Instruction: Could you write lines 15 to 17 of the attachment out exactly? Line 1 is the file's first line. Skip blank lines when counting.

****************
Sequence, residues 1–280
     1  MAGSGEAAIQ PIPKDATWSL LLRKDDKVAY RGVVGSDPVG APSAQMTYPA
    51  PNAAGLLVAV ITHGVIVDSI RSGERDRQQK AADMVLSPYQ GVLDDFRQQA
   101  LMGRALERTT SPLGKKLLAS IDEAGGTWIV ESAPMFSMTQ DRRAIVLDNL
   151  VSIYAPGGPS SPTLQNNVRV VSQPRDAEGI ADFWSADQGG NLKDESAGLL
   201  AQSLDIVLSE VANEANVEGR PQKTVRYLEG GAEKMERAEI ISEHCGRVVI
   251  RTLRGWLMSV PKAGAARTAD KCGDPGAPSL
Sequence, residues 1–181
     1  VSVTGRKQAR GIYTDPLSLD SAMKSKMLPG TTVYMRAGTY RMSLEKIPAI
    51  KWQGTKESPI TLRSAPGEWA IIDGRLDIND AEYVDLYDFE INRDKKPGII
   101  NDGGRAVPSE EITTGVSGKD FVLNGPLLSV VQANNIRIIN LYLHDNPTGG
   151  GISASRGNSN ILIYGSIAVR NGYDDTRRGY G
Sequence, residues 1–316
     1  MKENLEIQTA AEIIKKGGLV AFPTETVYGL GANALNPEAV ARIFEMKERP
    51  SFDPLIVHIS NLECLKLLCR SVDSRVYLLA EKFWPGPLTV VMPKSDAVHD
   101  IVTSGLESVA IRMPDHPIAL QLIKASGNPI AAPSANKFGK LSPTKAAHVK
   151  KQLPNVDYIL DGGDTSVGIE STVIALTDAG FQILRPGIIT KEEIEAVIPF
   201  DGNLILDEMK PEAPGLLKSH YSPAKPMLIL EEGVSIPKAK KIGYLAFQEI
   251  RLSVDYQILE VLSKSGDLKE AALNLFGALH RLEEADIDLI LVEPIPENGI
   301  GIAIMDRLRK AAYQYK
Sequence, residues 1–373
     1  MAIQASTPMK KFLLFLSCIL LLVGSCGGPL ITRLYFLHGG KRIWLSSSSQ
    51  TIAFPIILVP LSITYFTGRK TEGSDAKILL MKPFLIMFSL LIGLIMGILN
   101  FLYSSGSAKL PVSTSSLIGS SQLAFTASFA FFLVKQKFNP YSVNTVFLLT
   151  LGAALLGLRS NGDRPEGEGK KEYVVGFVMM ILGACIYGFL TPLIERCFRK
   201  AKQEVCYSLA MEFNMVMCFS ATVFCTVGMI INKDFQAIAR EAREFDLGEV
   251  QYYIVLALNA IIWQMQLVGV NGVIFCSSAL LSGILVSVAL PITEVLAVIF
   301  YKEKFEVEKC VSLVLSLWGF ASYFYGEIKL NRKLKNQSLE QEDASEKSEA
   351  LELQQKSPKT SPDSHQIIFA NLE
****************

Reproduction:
    51  SFDPLIVHIS NLECLKLLCR SVDSRVYLLA EKFWPGPLTV VMPKSDAVHD
   101  IVTSGLESVA IRMPDHPIAL QLIKASGNPI AAPSANKFGK LSPTKAAHVK
   151  KQLPNVDYIL DGGDTSVGIE STVIALTDAG FQILRPGIIT KEEIEAVIPF